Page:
Oklahoma’s House and Senate are still in a heated battle over the budget, primarily disagreeing over further slashing the state’s income tax. That was a main sticking point at a historic budget summit held at the capitol on Monday.  

As this year’s session has unfolded, the House passed a plan in March that would put the state income tax on the path to elimination by replacing the personal income tax with a 4.5% flat tax and lowering it by 0.25% every year that revenues reached a certain level above expectations.   

The House then passed a 0.25% rate cut in their budget plan.   

The House has done their part to support income tax cuts. Governor Stitt has called for eliminating the income tax, a flat tax, and said he will sign any tax cut that makes it to his desk.  

This year, the Governor signed legislation to eliminate the state sales tax on groceries. Meanwhile, the Senate has remained opposed to further tax cuts. The Senate originated the grocery tax cut.  

Senate President Pro Tempore Greg Treat (R) argues that Oklahoma can’t afford another tax cut after the state eliminated the grocery tax earlier this year. Concerns about past economic downturns and budget shortfalls were also raised. Legislators are still working with a $543 million surplus.  

The 0.25% income tax rate cut that is currently the focus of negotiations would only amount to an estimated $250 million tax savings for Oklahomans, and just a fraction of that in the first year.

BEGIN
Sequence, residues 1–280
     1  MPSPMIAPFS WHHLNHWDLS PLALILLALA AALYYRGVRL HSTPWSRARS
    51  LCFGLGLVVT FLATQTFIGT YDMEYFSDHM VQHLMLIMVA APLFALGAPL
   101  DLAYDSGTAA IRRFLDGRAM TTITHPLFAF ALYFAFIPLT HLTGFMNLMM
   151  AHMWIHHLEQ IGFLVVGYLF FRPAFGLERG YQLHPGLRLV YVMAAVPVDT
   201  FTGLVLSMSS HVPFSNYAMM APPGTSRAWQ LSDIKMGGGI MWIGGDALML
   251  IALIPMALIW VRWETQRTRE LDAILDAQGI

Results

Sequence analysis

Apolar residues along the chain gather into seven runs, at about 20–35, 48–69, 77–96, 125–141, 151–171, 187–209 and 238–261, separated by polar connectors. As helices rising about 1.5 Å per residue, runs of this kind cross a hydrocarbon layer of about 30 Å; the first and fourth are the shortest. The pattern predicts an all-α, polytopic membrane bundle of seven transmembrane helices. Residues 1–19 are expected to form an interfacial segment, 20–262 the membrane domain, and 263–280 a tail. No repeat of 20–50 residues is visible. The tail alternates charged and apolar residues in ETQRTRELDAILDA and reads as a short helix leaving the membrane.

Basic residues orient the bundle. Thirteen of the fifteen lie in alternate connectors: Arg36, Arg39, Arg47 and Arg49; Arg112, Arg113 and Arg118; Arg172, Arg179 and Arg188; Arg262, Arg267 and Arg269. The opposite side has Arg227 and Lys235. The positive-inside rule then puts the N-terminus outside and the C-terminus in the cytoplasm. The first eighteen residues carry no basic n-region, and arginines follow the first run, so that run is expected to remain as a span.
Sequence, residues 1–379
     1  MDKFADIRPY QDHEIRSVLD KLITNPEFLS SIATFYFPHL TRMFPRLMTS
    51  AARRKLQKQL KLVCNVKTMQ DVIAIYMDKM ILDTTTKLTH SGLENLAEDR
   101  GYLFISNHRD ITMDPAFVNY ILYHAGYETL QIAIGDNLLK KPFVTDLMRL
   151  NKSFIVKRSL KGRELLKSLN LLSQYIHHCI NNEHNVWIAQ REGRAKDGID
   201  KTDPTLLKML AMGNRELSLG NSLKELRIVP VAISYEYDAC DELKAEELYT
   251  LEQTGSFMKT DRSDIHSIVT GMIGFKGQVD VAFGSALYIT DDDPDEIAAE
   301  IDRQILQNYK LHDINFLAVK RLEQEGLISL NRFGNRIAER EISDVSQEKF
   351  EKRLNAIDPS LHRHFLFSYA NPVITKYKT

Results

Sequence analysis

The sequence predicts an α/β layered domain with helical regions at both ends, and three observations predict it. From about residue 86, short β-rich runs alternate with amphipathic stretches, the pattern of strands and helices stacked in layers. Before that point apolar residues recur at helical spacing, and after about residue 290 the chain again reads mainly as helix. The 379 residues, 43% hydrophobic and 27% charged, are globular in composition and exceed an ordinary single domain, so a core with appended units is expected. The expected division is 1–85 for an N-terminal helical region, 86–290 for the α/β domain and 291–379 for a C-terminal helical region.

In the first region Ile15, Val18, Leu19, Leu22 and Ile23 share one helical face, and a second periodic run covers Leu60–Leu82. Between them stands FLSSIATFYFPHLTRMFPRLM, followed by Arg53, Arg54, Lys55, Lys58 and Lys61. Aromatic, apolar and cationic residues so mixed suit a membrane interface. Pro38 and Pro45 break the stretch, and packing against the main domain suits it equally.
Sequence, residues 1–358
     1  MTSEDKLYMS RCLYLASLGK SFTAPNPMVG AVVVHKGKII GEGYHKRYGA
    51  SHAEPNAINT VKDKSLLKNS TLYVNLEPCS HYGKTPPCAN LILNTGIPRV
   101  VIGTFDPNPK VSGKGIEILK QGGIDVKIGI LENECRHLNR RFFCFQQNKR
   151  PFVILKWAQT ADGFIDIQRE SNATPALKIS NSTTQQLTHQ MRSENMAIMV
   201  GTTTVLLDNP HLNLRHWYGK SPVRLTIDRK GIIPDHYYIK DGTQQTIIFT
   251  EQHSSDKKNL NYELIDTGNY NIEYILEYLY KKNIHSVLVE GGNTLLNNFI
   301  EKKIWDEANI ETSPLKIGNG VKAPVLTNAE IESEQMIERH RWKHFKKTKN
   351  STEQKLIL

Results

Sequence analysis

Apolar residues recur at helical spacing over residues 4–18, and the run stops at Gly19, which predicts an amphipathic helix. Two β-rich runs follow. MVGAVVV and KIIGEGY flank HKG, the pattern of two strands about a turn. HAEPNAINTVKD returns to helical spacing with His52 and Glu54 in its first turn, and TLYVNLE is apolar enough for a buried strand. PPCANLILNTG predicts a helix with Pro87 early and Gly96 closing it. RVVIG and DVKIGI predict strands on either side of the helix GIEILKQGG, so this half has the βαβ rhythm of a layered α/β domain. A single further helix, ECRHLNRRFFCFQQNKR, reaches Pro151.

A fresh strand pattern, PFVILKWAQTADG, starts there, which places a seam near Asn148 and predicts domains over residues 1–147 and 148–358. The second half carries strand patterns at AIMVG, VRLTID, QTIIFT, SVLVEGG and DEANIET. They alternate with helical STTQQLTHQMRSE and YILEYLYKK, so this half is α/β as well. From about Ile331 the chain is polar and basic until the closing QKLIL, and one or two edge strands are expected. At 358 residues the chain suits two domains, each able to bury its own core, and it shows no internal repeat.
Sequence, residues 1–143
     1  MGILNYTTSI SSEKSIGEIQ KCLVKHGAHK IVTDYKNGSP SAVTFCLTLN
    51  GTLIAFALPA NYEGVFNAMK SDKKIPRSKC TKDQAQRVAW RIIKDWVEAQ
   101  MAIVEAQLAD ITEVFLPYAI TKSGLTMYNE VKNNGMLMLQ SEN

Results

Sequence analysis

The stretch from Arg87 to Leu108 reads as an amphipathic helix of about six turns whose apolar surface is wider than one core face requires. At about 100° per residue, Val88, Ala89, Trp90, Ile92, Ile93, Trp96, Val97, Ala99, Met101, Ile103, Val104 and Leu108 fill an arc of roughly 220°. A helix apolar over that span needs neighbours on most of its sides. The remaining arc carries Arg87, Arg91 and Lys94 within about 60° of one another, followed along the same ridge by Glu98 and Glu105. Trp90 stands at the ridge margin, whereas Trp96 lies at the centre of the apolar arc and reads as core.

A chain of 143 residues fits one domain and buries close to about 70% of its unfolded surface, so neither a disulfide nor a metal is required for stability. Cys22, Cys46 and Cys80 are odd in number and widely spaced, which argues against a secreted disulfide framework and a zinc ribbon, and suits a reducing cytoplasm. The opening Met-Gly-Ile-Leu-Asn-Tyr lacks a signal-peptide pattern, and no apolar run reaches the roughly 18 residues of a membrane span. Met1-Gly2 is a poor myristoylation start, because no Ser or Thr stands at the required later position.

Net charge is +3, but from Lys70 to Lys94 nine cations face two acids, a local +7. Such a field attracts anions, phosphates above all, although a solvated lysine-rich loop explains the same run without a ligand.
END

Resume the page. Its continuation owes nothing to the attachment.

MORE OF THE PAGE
In short, the state has the resources, and Oklahoma’s recent tax cuts to income and corporate rates quickly resulted in higher revenues as the economy grew.    

Governor Stitt says the state has record savings and needs a tax cut to compete with other states. “We have to think about the taxpayers,” he said during the summit. 

Legislators could even pass the plan to start gradually eliminating the state income tax, HB 2950. Because the bill gradually reduces rates when revenues are above projections, income taxes cannot be cut when the money ‘is not there’. The Senate’s main concern would be assuaged by a revenue-trigger income tax elimination plan.  

Eliminating the income tax would make Oklahoma a leader among low tax states. “It is an understatement to say eliminating the state income tax would be game changer for Oklahoma, it would lead to massive investment, growth, and new taxpayers moving into the state,” said Americans for Tax Reform President Grover Norquist. “After major conservative policy accomplishments on school choice, corporate income taxes, and improvements to the criminal justice system, Oklahoma is becoming one of the most welcoming and dynamic states in the country.” 

“We don’t even know where we are at right now,” Stitt said after the budget summit meeting on Monday. The House, Senate, and Governor Stitt will reconvene on Thursday, hopefully deciding to continue putting Oklahoma taxpayers first.